Specials: Sarris on where "Brokeback" is broken. Pretty woman, Gump may join Mike Nichols. CNN on religious media.

Wednesday’s specials:

SARRIS DARES TO SHRUG OFF BROKEBACK MOUNTAIN
Courageously stating some of the obvious problems with Brokeback Mountain, Andrew Sarris demonstrates that he’s willing to swim upstream against the tidal wave of hype:

Hence, I suppose that my ultimate objection to Brokeback Mountain lies in its stretching out what originally begins as a physical relationship between two young men to, after 20 years, Ennis and Jack quarreling like an old married couple about the forced infrequency of their reunions. Yet what are the odds that they would have managed to stay together if they had been together all that time? The current odds on married heterosexual couples staying the course are no better than 50-50, and that is as true in the red states as it is in the blue.

Besides, the problem of the economic disparity between lower-middle-class Ennis and upper-middle-class Jack isn’t sufficiently addressed in Brokeback Mountain, even though Ennis is rendered virtually immobile by his pressing need to keep his job to support his kids. By contrast, Jack has the means and the time to hop down to Mexico to sleep with male prostitutes. In this, he follows a pattern of promiscuity that raises doubts about the stability of any more lasting day-to-day relationship between him and Ennis.

And just for the record, none of the classic women’s pictures that I mentioned actually made me cry. They were too good for that. All they did was create an aching feeling of loss in the pit of my stomach. I never felt that ache in Brokeback Mountain, despite all the artful acting, writing and direction devoted to that end.

Speaking of Brokeback, here’s a photo featured today at Jeffrey Wells’ Hollywood Confidential

TOM TAKES TEXAN TASK
Julia Roberts may join Tom Hanks in a Mike Nichols film about “Charlie Wilson, the rogue Texas congressman who oversaw the covert funding of the Afghan rebels in their battle against the Soviet Union.”

BIG MEDIA DECIDES PEOPLE NEED RELIGION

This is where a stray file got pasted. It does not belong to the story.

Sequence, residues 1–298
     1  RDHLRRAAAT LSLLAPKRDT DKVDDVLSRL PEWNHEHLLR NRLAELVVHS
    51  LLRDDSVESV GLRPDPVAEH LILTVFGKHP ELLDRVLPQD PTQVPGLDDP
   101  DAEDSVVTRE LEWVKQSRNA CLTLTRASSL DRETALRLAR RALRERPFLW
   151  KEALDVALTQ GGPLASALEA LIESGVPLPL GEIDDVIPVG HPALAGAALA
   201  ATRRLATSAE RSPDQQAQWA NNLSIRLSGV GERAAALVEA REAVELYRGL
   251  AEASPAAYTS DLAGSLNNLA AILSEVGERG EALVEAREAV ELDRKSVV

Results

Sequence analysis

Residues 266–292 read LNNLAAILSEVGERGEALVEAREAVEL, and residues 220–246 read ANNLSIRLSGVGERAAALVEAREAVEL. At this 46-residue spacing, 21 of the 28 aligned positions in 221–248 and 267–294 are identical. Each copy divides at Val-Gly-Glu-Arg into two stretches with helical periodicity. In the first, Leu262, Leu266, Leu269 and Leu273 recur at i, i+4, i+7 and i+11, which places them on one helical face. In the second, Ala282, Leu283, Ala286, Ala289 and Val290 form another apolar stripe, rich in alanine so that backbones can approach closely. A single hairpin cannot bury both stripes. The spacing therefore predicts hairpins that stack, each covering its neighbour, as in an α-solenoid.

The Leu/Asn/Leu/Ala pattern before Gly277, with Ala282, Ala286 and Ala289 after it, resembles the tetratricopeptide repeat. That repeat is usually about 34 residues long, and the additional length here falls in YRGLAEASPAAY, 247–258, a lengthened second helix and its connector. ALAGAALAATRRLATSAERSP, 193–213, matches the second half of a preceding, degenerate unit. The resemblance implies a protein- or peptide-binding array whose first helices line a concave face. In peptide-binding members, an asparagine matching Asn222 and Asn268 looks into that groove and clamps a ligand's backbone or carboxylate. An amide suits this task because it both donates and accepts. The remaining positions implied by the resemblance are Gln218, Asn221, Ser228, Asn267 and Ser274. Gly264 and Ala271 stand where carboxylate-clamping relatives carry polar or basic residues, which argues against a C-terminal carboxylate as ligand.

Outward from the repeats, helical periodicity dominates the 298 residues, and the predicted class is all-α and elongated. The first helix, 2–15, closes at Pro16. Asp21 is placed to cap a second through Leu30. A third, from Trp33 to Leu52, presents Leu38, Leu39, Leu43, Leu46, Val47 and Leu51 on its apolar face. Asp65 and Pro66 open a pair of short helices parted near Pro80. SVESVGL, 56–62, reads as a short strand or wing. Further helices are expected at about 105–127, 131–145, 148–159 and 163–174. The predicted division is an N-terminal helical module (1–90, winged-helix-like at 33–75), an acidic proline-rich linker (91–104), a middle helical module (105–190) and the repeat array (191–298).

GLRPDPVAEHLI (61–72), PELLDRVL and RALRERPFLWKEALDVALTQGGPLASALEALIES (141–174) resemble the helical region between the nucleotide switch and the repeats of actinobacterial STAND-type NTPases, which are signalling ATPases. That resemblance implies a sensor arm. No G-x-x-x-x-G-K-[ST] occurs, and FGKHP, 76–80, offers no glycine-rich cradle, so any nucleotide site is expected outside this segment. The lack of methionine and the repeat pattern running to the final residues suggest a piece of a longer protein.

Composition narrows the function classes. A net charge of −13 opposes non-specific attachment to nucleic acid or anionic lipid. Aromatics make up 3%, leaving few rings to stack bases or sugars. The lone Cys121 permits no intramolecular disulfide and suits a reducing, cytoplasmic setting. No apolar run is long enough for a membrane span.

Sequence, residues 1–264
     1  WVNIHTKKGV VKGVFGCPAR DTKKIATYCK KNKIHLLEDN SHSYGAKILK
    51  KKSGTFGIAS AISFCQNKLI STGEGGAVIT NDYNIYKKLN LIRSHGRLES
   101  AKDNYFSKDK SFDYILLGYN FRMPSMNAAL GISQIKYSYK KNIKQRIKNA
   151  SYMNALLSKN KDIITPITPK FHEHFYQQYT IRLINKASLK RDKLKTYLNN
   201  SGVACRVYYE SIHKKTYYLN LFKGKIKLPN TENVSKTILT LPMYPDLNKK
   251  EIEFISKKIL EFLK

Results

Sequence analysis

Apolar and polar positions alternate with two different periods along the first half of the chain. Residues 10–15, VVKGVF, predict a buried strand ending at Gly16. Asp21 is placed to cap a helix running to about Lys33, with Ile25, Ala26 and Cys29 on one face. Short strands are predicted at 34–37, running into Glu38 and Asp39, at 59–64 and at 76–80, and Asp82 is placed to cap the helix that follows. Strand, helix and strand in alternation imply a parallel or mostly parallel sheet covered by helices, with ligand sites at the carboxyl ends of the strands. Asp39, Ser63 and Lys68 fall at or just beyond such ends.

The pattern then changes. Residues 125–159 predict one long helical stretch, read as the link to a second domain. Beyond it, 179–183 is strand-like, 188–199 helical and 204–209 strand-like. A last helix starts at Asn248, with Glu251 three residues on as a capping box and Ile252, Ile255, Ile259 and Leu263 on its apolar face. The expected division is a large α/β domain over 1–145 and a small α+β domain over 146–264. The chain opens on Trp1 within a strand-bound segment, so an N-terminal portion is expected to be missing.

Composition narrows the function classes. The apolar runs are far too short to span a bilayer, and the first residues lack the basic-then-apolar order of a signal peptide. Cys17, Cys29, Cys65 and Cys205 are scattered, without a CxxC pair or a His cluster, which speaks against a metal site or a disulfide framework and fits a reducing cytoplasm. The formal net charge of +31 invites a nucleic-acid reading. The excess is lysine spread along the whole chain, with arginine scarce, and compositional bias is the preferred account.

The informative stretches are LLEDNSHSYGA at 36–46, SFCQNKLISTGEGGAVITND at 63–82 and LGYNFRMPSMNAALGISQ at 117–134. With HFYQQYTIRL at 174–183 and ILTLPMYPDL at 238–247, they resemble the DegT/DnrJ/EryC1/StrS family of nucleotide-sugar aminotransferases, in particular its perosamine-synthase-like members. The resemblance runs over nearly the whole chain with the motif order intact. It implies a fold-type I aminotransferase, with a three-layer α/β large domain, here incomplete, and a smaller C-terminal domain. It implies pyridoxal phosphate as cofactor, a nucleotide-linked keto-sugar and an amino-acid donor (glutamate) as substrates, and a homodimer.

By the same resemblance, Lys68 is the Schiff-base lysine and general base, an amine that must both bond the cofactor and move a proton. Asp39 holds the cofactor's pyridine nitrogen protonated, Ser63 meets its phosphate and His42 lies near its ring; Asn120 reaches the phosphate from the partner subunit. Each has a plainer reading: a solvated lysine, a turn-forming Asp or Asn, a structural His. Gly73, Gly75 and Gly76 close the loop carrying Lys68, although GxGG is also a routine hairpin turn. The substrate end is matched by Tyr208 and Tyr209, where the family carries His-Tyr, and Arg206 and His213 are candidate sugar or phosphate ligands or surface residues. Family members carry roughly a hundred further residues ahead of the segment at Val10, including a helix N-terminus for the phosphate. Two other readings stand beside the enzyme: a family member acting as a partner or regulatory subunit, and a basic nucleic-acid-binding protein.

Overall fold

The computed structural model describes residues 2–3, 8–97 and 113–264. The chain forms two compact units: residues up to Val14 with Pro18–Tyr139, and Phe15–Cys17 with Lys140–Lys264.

CNN on the religious-media revolution.

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  • Magnus

    Anne Proulx: “conservative heffalump academy voters”.

    Heffalump? I know it is a Winnie the Pooh reference, but heffalump?

  • Ellen Collison

    Re. Josh Olson: very classy response! Thanks for the link, Jeffrey.

  • Adam Walter

    I didn’t love the end of the film either, but the motivations of the character Walter is referring to have nothing to do with Christian faith, and everything to do with a psychological dysfunction.

    Not true, Poundstone. To examine this more closely, try the following. Imagine the same film in which only one thing is changed: move the character out of the church and into a mosque for that short scene. If this change were made, the film could only be taken as an attack on Islam–and rightly so. (“This is the sort of thing Islam makes people do.”) And I’d be the first person to berate Soderbergh for attacking Islam in this underhanded way.

    You’re left with the feeling that the culprit is not truly at fault for the crime committed.

    In what way does anyone feel the culprit wasn’t at fault?

    …amazing performances by the non-actors throughout.

    I agree that the non-actors were interesting to watch. But I don’t consider these to be “amazing performances” any more than I would apply such an evaluation to the “performances” in a documentary.

    …it’s supposed to look bleak, Mr. Walter, because it in fact *is* bleak!

    Let’s recall that we’re dealing with a fictional setting. It is what the director makes it. This is not a real place, it’s a set of filmic cues. The job of a good artist is always to try and capture the entirety of a thing, unless he purposefully wants to convey a slanted view of the world. Even in Hicksville, USA there are reasons to laugh and love.

    Take a film like Junebug and it’s depiction of religion, or a film like Tim Blake Nelson’s Eye of God and the winsome character of Ainsley… and you’ll see an artist making strong statements about the weaknesses of the smalltown midwest but also acknowledging that this is a place where fully-formed human beings may have meaningful lives.


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